It’s not cheap, but for any Springsteen fan it is the gig of a lifetime to see The Boss close up and intimate in a theatre the size of Edinburgh’s Queens Hall.
All we’ve had recently are monster stadium performances at places like Hampden Park.
Almost at the end of his 210-night residency on Broadway, Springsteen told his story of what has made him the person that he is.
If you’ve read the recent autobiography you won’t be surprised at the scripted content, but seeing it delivered by the man himself with passion, pathos, irony and brilliant comic timing was a sight to behold.
“I was ‘Born To Run’, so how come I’ve ended up living ten minutes from where I grew up?” he laughed.
It was a full-on confessional covering his Italian mother’s Alzheimer’s and his Irish father’s periods of depression that have now also affected him.
In particular, there was an extremely moving piece about lost friends in Vietnam, which led to him dodging the draft and living with the decades of guilt wondering what happened to the soldier that went in his place.
The story of the loss of his soul mate and E Street Band member Clarence Clemons drew a tear to most eyes.
He’s never had a job nor worked five days a week – until this residency.
He’s never worked in a factory and was to slow to learn to drive, but yet he confessed to somehow having a “magic trick” that has enabled him to write and perform such brilliant songs about these things in the concept of the American life.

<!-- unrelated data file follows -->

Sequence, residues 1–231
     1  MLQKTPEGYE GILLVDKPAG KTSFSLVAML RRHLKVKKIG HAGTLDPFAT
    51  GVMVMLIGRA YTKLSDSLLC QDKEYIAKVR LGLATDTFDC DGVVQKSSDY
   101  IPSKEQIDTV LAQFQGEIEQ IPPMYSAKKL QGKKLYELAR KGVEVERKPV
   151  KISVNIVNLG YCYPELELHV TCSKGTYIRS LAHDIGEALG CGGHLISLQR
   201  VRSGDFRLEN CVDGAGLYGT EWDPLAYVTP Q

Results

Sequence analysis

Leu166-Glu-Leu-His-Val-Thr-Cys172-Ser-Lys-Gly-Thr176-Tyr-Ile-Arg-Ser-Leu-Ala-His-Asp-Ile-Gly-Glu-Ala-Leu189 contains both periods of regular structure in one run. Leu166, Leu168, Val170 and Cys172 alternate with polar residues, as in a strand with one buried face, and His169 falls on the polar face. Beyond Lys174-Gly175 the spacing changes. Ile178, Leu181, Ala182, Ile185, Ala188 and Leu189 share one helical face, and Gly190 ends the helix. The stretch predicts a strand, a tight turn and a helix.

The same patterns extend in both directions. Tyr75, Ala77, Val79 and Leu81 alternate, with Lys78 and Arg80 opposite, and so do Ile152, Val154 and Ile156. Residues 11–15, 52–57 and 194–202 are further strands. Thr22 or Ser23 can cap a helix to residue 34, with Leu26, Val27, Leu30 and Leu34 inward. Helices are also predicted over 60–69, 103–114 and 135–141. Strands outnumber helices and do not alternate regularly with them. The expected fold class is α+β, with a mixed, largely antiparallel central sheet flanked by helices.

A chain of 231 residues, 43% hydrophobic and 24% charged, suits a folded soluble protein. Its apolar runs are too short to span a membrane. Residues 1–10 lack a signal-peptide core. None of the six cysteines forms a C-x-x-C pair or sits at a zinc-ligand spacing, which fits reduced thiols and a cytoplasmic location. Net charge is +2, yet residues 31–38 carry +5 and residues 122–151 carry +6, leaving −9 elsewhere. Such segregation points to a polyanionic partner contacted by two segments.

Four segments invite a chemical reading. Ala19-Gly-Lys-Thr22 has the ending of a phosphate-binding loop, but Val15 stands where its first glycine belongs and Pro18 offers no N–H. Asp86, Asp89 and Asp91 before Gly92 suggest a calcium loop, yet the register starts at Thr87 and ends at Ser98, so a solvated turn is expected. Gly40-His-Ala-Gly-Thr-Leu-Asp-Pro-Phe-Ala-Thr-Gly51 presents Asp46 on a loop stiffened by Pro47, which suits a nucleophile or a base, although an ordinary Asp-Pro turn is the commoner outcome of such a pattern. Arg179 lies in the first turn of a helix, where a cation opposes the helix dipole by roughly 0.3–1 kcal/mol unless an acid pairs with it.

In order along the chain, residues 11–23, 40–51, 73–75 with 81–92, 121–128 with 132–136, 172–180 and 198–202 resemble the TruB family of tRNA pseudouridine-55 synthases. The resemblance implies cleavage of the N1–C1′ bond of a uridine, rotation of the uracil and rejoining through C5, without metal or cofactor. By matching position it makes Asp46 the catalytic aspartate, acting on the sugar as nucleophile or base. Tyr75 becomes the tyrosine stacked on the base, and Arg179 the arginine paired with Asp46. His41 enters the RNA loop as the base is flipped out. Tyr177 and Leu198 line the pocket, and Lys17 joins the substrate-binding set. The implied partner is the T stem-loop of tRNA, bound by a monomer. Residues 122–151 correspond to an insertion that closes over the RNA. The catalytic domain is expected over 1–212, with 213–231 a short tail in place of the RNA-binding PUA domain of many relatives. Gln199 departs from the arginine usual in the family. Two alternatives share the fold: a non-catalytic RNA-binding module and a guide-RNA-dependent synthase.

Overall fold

Then there was the music. Oh, the music, delivered solo with an ever-changing collection of guitars or at the piano. Some classics and some rarities all set up to support the telling of the story.
A blues version of Born In The USA with a 12-string guitar was stunning.
The music was a little slow to come at the start of the performance, but dominated the second half of the two-and-a-half hours, with Dancing In the Dark and Born To Run satisfying the non-believers, dragged along to attend with addicted spouses.
There was also new commentary on America today and it’s fair to say the performer is no fan of the current incumbent of the White House - a polemic on the state of the nation and the need for a greater good to emerge led to an electrifying performance of The Ghost Of Tom Joad, a song based on a character in John Steinbeck’s ‘The Grapes Of Wrath’.
As the show moves towards its conclusion, Springsteen is usually joined on stage by his wife Patti Scialfa to accompany him for a couple of songs.
Tonight Patti was missing due to a stomach bug, but even that led to a fascinating insight - the profuse apology led to no doubt about who wears the trousers in the Springsteen household.
As such, there were some amendments to the script and the two duets weren’t done solo, but the glorious compensation was an unscheduled encore of This Hard Land that the audience was invited to stand up and film and photo - a rare treat as any recording is normally banned.
A film of the show is being released on Netflix in mid-December. You can be guaranteed this reviewer will be tuning in.